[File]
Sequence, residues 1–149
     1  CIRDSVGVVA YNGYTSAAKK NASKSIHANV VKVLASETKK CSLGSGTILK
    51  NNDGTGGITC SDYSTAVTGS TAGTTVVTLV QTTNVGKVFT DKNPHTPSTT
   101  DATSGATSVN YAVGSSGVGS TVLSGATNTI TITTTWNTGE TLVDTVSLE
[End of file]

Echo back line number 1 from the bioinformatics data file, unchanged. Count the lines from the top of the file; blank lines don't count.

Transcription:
Sequence, residues 1–149